With summer road-trip season well underway, there’s one souvenir that you’ll want to avoid picking up during your travels: a speeding ticket.
Every year, some 34 million Americans are slapped with speeding tickets, according to the National Motorists Association — many of them during the peak months of summer travel. While some may view a speeding ticket as just a hassle, it can actually lead to some costly consequences, such as higher insurance rates and points on your driving record.
So what are some of the most effective strategies to avoid speeding tickets? Here are seven tips from FindLaw to keep in mind:
- Keep your eyes peeled for signs. Failing to notice a posted speed limit is the No. 1 excuse for speeding drivers, according to a recent survey by Insurance.com. Even just 5 mph over the limit can get you in trouble, especially in school and construction zones.
- Stay away from your cell phone. Distracted driving should always be avoided, even if cell phone use or texting while driving isn’t against the law in the state you’re visiting. Driving while on a cell phone significantly increases your odds of driving away with a ticket, rather than a warning, and it may even lead to higher fines.
- Watch out for speed traps and cameras. Remember, speed limits usually drop when you approach a small town or city. And while the use of speed cameras may be declining, they’re still being used in many states.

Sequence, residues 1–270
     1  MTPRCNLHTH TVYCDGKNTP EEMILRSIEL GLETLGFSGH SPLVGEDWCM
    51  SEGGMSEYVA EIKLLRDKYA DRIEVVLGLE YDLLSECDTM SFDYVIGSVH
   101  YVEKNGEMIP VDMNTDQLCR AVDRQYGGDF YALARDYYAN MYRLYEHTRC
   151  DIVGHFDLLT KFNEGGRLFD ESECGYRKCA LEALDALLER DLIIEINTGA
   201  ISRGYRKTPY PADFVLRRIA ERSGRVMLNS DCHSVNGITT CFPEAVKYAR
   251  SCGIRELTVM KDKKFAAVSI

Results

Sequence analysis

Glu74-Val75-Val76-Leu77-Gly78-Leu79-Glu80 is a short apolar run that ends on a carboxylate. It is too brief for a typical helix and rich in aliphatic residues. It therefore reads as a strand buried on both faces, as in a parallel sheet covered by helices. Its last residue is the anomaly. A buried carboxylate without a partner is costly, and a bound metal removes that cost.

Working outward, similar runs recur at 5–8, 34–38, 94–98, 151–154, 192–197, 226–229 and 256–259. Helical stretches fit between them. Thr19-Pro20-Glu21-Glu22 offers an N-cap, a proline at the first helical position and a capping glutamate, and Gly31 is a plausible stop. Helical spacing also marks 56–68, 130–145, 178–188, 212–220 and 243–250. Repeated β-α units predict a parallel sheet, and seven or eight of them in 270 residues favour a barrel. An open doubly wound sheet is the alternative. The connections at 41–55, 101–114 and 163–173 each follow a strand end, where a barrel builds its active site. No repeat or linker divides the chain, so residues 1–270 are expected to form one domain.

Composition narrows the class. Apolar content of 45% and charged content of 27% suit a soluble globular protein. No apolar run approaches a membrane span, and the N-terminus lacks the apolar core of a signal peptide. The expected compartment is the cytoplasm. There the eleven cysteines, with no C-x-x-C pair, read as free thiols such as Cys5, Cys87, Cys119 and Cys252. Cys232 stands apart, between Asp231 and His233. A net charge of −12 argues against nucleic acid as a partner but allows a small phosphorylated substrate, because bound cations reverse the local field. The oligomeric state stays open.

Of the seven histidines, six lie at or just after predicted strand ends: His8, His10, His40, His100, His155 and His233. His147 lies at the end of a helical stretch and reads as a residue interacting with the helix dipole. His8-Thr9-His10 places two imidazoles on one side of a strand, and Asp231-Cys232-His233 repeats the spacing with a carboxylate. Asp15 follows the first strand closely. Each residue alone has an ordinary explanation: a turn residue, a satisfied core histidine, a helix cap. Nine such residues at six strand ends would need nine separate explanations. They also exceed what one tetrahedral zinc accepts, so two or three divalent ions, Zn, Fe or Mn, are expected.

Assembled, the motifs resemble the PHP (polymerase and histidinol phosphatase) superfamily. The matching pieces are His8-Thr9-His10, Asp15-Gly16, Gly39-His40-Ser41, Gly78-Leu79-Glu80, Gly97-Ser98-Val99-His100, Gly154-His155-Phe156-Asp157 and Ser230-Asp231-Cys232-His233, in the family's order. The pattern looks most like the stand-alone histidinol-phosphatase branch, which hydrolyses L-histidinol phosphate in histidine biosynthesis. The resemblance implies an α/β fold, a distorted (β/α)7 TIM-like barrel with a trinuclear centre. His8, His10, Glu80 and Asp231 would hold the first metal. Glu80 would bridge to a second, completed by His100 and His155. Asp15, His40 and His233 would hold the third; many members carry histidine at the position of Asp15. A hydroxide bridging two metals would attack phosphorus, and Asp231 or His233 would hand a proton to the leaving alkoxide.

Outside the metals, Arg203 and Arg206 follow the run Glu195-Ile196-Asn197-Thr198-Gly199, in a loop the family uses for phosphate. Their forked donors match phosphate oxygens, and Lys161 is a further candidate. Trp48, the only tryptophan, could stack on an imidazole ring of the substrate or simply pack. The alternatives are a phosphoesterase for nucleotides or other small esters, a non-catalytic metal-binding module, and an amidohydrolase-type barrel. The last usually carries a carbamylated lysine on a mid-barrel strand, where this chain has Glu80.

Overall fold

- Don’t draw attention to yourself. Reckless and aggressive driving tactics like swerving or racing are more likely to get you pulled over by police.
- Stay out of the passing lane. Drivers who continue to pass other cars while in the left lane are easy targets for law-enforcement officers. Keep in mind that in some states, the left lane is only for passing.
- Be cooperative and courteous with the officer. Being respectful can go a long way toward avoiding a ticket. If you are pulled over, here’s what to do: Turn off your car, place your keys on the dashboard, and place your hands on the wheel in the 10 and 2 o’clock positions to signal to the officer that you aren’t doing anything illicit. You may also want to take off your sunglasses or turn on your car’s interior lights if it’s dark outside.
- Don’t argue — until you get to court. It’s best not to argue with a police officer at the scene. Any arguments you have to make against your speeding ticket can be addressed by you or your traffic ticket attorney later on in court.
To learn more about speeding tickets and other types of traffic violations you may encounter this summer, check out FindLaw’s comprehensive section on Traffic Laws.
— Michelle Croteau, Director, Marketing Communications,
with Andrew Chow, FindLaw Audience Team